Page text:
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James Weldon Johnson

James Weldon Johnson (1871-1938) was an American author, educator, lawyer, diplomat, songwriter, and civil rights activist. He was born on June 17, 1871, in Jacksonville, Florida, and was the son of Bahamian immigrants. Johnson is best known for his contributions to African American literature and his role in the civil rights movement. Johnson graduated from Atlanta University in 1894 and went on to attend the first law school in Florida, becoming the first African American to pass the state bar exam. He practiced law in Jacksonville for several years but eventually turned his attention to literature and writing.

As a writer, Johnson is remembered for his poetry, novels, and anthologies. He wrote the lyrics for the song “Lift Every Voice and Sing,” which became widely known as the “Black National Anthem” and is still sung today as a symbol of African American resilience and struggle. Johnson’s most famous novel is “The Autobiography of an Ex-Colored Man,” published anonymously in 1912. The novel explores themes of racial identity and passing and is considered an important work in African American literature.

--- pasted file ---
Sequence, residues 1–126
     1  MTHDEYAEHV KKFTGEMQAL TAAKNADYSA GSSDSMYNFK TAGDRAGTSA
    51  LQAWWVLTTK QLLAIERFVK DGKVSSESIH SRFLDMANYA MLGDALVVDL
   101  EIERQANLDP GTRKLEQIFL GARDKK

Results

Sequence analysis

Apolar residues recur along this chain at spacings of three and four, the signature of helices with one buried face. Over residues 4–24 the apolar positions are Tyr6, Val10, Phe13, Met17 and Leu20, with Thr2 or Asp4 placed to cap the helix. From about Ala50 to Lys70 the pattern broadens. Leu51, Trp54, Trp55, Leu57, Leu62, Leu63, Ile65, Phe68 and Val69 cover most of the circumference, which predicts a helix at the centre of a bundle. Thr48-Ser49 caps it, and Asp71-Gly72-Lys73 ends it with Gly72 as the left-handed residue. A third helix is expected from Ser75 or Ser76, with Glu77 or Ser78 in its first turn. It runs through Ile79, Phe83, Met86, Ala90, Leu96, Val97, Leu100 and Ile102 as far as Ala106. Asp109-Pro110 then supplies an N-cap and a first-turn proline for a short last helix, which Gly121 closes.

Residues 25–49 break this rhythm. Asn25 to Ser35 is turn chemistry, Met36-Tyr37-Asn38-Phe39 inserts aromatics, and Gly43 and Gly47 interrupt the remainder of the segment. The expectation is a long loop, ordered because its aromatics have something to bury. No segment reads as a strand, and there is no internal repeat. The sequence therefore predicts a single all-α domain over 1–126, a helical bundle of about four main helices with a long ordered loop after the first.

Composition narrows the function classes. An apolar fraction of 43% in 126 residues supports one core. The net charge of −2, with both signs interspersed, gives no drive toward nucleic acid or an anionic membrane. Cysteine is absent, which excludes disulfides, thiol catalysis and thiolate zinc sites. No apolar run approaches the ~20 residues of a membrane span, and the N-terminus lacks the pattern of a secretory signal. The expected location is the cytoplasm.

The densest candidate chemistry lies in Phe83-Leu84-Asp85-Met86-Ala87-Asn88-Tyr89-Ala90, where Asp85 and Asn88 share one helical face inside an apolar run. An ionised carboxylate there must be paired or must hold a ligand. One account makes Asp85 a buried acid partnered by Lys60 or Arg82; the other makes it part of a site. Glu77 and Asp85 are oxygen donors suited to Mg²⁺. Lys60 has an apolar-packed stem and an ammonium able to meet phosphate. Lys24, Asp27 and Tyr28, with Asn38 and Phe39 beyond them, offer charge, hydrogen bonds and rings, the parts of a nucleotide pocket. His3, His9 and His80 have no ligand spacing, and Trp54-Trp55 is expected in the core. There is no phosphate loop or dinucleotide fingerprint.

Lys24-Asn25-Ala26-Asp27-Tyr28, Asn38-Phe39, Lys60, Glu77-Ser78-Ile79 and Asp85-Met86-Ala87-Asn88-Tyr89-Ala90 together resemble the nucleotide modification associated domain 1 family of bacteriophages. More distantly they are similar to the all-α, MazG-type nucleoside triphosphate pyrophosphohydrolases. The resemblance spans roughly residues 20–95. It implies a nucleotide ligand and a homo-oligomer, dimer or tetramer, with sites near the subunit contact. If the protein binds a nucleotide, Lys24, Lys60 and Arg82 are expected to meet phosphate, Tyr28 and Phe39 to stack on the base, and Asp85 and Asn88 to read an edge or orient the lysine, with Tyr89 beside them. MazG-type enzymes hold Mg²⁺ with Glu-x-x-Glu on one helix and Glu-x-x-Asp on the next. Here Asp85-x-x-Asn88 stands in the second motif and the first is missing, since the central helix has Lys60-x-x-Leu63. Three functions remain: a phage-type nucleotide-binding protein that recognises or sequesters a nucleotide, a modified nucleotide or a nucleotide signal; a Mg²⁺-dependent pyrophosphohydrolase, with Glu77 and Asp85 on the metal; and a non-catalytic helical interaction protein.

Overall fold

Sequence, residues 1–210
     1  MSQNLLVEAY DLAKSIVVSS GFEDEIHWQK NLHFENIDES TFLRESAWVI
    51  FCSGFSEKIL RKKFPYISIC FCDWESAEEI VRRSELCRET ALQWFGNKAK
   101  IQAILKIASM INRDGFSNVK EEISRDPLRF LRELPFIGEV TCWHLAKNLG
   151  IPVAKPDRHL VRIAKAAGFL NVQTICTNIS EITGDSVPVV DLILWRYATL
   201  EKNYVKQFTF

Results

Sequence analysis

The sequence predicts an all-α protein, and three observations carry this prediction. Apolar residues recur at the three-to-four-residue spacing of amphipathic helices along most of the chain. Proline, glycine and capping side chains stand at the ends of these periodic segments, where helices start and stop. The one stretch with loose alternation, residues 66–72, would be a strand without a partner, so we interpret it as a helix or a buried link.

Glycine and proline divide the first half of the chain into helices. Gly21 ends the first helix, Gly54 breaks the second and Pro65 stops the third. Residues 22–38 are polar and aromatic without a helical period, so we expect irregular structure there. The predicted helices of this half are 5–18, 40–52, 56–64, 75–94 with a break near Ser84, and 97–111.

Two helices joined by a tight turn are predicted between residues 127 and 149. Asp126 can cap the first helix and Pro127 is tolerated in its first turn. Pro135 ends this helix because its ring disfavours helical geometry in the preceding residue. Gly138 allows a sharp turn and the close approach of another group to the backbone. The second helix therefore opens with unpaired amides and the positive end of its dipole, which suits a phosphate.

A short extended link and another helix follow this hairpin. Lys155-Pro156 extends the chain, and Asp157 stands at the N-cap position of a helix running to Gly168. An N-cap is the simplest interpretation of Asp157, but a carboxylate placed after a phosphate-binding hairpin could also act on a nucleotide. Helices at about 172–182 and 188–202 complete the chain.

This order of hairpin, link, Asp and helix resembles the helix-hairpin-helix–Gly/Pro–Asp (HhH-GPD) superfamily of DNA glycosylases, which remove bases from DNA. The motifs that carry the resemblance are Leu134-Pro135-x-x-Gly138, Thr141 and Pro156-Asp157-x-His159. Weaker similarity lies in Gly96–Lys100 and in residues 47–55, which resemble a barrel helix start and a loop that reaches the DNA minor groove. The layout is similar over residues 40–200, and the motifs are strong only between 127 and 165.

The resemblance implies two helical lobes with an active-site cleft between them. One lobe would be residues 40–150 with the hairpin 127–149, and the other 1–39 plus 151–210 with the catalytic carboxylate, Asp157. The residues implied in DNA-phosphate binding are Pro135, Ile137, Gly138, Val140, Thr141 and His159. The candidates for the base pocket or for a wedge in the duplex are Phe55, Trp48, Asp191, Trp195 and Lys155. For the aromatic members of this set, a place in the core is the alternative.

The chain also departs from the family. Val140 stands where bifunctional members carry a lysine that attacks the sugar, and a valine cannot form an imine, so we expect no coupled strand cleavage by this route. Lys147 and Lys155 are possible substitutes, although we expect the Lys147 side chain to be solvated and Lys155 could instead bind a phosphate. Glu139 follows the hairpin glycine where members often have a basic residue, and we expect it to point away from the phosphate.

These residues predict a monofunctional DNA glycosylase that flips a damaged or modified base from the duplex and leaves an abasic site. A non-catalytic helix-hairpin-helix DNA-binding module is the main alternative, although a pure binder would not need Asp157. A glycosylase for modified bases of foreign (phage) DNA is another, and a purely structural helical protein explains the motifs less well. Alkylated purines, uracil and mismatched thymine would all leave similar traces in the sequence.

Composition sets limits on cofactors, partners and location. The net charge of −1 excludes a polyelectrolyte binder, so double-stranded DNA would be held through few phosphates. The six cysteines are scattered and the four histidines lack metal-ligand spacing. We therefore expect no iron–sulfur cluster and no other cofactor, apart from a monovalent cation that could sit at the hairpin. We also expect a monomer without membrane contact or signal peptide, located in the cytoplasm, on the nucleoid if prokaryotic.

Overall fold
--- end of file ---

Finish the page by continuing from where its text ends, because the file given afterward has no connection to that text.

In addition to his literary contributions, Johnson was actively involved in the civil rights movement. He served as the field secretary of the National Association for the Advancement of Colored People (NAACP) from 1916 to 1920. During his tenure, he organized protests against racial violence and advocated for anti-lynching legislation. From 1906 to 1913, Johnson worked as a U.S. consul in Venezuela and Nicaragua, becoming the first African American to hold a diplomatic post of such significance.

James Weldon Johnson’s work and activism were influential in promoting the rights and representation of African Americans. He died on June 26, 1938, in a car accident in Maine, leaving behind a lasting legacy in literature and civil rights.

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